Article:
Chalet Lines, Madani Younis’ first production as Artistic Director of the Bush Theatre, explodes the constricting nature of family ties. Lee Mattinson’s fraught comedy, with its feminist undertones, emphasis on emotional and sexual disappointments, and exploration of societal pressures, appears influenced by writers like Caryl Churchill and Charlotte Keatley. Mattinson is a Newcastle-based playwright (his monologue, Donna Disco, was recently seen on the Live Theatre stage) and Younis now introduces him to a London audience.
It’s Nana Barbara’s seventieth birthday and Loretta, her caustic eldest child, and her two granddaughters, Abigail and Jolene, have returned to the site of her wedding, Butlins in Skegness, to celebrate the occasion. Perhaps not unexpectedly the atmosphere soon begins to deflate quicker than Nana’s birthday balloons as it becomes clear Loretta’s estranged sister Paula isn’t going to be coming and the one liners become ever more lacerating. Mattinson’s play hops back and forth in time, between birthday, hen do and wedding day, unravelling each key moment of betrayal that has brought us to this point before returning us to a present where the emotional cracks are more like crevices.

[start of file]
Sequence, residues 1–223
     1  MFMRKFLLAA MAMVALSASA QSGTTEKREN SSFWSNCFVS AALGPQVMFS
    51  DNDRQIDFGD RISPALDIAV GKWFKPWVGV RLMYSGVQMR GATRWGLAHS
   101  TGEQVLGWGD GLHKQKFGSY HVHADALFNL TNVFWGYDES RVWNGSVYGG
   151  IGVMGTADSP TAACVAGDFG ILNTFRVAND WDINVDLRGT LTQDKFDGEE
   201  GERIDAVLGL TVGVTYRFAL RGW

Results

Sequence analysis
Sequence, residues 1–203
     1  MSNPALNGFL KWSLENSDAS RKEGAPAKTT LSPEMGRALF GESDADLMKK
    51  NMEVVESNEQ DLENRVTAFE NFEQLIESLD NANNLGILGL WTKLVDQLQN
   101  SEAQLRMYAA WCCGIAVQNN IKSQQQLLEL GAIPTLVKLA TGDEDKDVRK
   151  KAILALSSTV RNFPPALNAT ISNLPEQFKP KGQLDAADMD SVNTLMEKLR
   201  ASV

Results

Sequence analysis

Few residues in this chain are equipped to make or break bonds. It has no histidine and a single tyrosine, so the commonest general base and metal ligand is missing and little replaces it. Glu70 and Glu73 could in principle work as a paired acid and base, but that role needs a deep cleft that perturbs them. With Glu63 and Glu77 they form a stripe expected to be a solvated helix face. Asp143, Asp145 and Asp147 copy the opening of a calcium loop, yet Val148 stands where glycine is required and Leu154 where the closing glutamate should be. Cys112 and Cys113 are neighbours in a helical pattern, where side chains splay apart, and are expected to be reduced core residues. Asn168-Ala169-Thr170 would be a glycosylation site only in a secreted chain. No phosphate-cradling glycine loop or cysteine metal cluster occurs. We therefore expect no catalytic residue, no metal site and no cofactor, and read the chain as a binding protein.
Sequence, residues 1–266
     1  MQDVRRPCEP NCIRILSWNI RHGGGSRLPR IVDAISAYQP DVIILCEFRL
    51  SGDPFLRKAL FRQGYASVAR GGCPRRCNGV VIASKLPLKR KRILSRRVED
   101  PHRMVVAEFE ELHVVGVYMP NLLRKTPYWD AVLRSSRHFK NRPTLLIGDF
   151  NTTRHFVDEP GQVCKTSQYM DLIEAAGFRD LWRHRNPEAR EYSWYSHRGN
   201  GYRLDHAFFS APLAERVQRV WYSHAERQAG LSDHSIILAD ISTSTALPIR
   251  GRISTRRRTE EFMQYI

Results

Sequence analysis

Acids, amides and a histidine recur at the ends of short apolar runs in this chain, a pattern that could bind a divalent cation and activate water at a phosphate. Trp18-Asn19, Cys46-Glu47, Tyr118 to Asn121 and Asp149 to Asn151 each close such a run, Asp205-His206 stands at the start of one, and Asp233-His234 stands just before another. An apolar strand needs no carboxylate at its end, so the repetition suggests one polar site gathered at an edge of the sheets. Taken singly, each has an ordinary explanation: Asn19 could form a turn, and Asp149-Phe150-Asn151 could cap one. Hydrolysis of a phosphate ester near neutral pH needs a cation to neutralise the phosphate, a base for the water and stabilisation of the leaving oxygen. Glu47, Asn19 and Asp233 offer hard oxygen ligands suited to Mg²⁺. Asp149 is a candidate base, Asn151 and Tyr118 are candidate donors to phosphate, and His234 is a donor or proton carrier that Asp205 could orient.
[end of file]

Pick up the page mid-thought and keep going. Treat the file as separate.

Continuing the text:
Mattinson’s humour is brash yet sharp, if also a little obvious in places and it is not until everyone’s wounds are fully laid bare that Chalet Lines really starts to take shape. The play becomes darker in tone and there are some moments of heartbreaking cruelty from Loretta, especially towards her own eldest daughter, Abigail. Loretta may be a little over-the-top at times but she is a wretchedly vivid portrait of a woman trapped by her own fears.
The cast have a strong rapport but it’s Laura Elphinstone who steals the show. As Abigail, she is all elbows and ears, a twisted duckling who, emotionally at least, transforms into a swan. Her transition from a fragile thing to someone of confidence and composure is subtle and satisfying. Monica Dolan also gives a powerful performance as Loretta though something about her always seems a little removed.
There are times when Leslie Travers’ fractured and heavily tilted set threatens to overshadow these performances, strong as they are. In their high heels the cast seem slightly concerned about falling over bits of it. Brightly coloured light bulbs pepper the space like an arcade and puncture every scene transition. It’s pretty, but adds little to the story being told on stage.
Although Younis has teased tender performances from his cast, only Dolan and Elphinstone seem fully able to out-shine this bright, gaudy backdrop. The timing is sometimes a little off and, as a result, the delicately-woven family interplay can feel forced and unnatural. Younis has chosen a rich and intriguing play with which to make his mark, I just hope next time he trusts his material a little bit more.